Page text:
I have a view v which involves a couple of sub-selects in its SELECT clause plus a couple of joins by id or indexed column.

The view query is like:

SELECT col1, col2, (SELECT ... FROM subt) AS col3 FROM t1 JOIN t2 ON [..]

The fact is that if I query that view by col1, which is pk of t1:

SELECT * FROM v WHERE col1='some value'

the EXPLAIN shows a bunch of DERIVED tables, but if I run the same query on the view SELECT statement:

SELECT col1, col2, (SELECT ... FROM subt) AS col3 FROM t1 JOIN t2 ON [..] WHERE col1='some value'

those same tables show up as SIMPLE.

How's that? I need to fix that view because it is not using some indices (although all joins are by pk or indexed columns), but I'm stuck on those DERIVED rows and I can't go further on my analysis.


For comparison, I've run a couple more explains on a view that doens't show these different execution plans for the same WHERE clause.

Given the view v1 create with CREATE VIEW v1 AS v_select_stmt, the plan for the query:

SELECT * FROM v_crm_v1 v WHERE v.id='some value'

gives all plan steps with select_type=simple.

The plan for:

[v_select_stmt] AND id='some value'

yields all the steps with select_type=simple too (and they're identical to the previuos query plan).

Finally, in the plan for:

SELECT * FROM ( [select_stmt] ) v WHERE id='some value'

the steps have all select_type=derived.

  • SELECT ... FROM ( SELECT FROM [subselect as view] ) WHERE ... is not equivalent to SELECT FROM [subselect as view] WHERE ... in execution. So plans differs.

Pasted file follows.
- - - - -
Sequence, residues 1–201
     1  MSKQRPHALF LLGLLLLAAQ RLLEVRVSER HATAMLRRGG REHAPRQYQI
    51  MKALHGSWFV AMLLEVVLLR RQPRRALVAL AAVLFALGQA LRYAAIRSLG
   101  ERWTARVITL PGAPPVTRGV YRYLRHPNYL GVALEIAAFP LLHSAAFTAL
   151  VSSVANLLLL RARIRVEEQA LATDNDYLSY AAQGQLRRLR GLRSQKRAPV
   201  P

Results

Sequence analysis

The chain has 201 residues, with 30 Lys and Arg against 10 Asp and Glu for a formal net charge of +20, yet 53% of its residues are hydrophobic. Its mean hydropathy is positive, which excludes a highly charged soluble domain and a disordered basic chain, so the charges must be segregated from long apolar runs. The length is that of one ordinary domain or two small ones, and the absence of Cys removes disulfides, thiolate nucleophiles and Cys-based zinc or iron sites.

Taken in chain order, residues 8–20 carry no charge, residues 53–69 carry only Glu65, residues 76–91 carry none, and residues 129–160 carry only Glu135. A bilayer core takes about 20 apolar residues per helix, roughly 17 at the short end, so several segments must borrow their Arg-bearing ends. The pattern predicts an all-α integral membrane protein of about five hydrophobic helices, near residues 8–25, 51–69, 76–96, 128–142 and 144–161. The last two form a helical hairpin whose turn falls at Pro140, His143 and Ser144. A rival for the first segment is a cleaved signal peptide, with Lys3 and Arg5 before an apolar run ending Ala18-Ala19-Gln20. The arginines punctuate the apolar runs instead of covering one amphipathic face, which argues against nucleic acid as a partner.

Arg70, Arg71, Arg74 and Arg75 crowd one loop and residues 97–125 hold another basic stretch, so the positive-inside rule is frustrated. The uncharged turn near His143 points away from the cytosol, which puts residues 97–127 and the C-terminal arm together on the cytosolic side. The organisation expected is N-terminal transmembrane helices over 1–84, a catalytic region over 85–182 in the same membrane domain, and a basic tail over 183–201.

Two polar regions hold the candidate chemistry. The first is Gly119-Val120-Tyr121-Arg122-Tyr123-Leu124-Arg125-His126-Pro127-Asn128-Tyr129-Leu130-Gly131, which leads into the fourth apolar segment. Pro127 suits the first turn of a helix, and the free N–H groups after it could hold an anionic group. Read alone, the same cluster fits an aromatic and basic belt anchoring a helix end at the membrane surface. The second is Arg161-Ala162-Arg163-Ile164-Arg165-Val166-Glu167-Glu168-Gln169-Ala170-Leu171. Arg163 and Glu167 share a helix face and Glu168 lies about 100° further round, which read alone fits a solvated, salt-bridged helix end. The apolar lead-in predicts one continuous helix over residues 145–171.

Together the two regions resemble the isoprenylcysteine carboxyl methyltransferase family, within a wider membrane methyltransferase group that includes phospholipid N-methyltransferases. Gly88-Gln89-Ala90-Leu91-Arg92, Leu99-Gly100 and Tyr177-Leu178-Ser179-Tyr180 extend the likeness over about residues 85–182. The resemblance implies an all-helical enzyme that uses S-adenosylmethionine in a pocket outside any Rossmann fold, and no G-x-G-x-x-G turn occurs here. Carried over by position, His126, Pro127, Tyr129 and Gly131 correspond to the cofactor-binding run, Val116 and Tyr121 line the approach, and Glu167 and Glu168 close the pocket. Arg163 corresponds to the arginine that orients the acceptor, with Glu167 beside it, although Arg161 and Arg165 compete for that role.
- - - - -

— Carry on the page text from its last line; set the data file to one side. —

– Akina
    Dec 14 '18 at 11:11
  • @Akina I see your point and (not aiming at contradicting you :-)) I've done some more tests. Please see my update.
    – watery
    Dec 14 '18 at 11:32
  • Do you have any case where the VIEW version runs faster? My impression is that a VIEW is syntactic sugar, not a performance booster. And the differences you are finding may highlight the failure to optimize a view as well.
    – Rick James
    Dec 14 '18 at 18:45
  • @RickJames Of course not, a view is not a performance optimization (generally at least, maybe materialized views could be); the point here is that a view should not be slower than a regular query aiming at giving the same results - so yes it is syntactic sugar and it also makes the above software layer easier to write. Thus, my expectation is to write a view with the same performance of a query and I'm looking for pointers at how to investigare where the problem arises in my case.
    – watery
    Dec 16 '18 at 10:37
  • @watery - When VIEWs were added, it seemed to be done with an attitude of "OK, now MySQL has Views". Later came the concept of Merge versus Template Algorithms. As recently as 5.7.6, I see a changelog entry saying "consistent optimization to merge vs materialize in derived table vs VIEW". 5.7.7 seemed to first allow a derived table in a View.
    – Rick James
    Dec 16 '18 at 16:34

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